It's always important to strive to make your website as user-friendly as possible , so that your visitors actually know how to use your site. Click "File New If you remember what I mentioned earlier, this means to click the "File" menu, followed by the "New In the Layout column, look for the line that says "2 column liquid, left sidebar, header and footer" see picture above. Click that line once.
On the rightmost side of the window, look for the field labelled "Layout CSS" see picture above. Click the drop down arrow in the box next to that label and select "Create New File". This causes Dreamweaver to save the information controlling the appearance of your website called "CSS" in a separate file. Since all the pages on your website will share a common layout, placing all the information about the layout into a single file avoids needless duplication of information, saving you disk space and bandwidth, and speeding up the loading of your web pages if your users visit multiple pages on your website.
Click the "Save" button in that dialog box. By default, Dreamweaver creates your web page in what is known as the "Split" mode.
In this mode, your web page as it appears in a real web browser is shown on the right side. This visually pleasing portion is called the "Design" mode in Dreamweaver. The left side shows the underlying "raw" code for your website. If you do not see this "Split" mode, but only see the visually pleasing version of your website the "Design" mode , or just the seemingly gibberish text of the "Code" mode, don't worry.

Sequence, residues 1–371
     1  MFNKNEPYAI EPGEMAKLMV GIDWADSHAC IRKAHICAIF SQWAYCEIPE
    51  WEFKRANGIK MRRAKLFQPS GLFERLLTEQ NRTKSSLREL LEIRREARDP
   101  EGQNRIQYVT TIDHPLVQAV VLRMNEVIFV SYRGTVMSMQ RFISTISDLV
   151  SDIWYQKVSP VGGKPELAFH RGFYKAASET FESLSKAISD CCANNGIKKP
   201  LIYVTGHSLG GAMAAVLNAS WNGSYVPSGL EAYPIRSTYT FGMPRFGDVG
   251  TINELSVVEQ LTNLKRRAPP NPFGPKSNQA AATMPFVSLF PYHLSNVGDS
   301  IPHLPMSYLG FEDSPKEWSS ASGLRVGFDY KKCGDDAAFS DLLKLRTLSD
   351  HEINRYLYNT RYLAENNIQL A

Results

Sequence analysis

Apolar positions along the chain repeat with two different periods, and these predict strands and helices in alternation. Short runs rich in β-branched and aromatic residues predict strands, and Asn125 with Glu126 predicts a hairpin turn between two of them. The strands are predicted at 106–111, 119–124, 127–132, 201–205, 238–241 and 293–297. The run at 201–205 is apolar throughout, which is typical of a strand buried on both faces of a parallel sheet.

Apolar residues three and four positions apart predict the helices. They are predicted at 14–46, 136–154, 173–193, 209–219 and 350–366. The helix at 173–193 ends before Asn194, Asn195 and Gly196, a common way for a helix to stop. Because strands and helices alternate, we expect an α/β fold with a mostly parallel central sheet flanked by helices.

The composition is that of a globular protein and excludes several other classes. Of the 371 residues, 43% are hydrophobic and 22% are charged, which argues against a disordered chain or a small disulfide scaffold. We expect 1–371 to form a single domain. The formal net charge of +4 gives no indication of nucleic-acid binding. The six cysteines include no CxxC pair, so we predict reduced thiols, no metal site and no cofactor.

We are about to standardise the display mode for everyone. No matter what you see on the screen, whether it's the "Split" mode I described earlier or some other mode, click "View Design" from the menu. The cryptic text of the "Code" mode split screen should disappear, and the entire window should now be filled with the your web page as it appears in a web browser the "Design" portion.
Note that you must take this step if you wish to follow this tutorial series, since all the steps in this tutorial, as well as the screenshots assume that you are working in Design mode.
If you do not switch to Design mode, you might get confused later when Dreamweaver does not behave the way I describe. The screen layout will automatically revert to what you saw earlier. So fear not. You can easily restore everything back to its original condition. But for now, please switch to the Design mode. Before we continue to replace the default text on the page with your real web page content, it's important to understand the basic principles behind what you'll be doing.
The first page that you'll be designing is your website's "home page". The home page of a website is basically its main page. It is the page that your visitors arrive at if they simply type the domain name of your site.
For example, if you type "thesitewizard. In terms of function, the home page of a website is similar to a combination of the front cover of a magazine and its contents page. Like the front cover of a magazine, your home page should give your visitors an idea of the sort of things that can be found on your site.
And like a magazine's "Contents" page, it should provide links to important pages or sections on your site so that your visitors can get to whatever they're looking for on your website. So what does this mean in practical terms? If your website is one that sells products and services, you may want your home page to mention your most important products and services, as well as link to individual product description pages where visitors can find more information and place an order.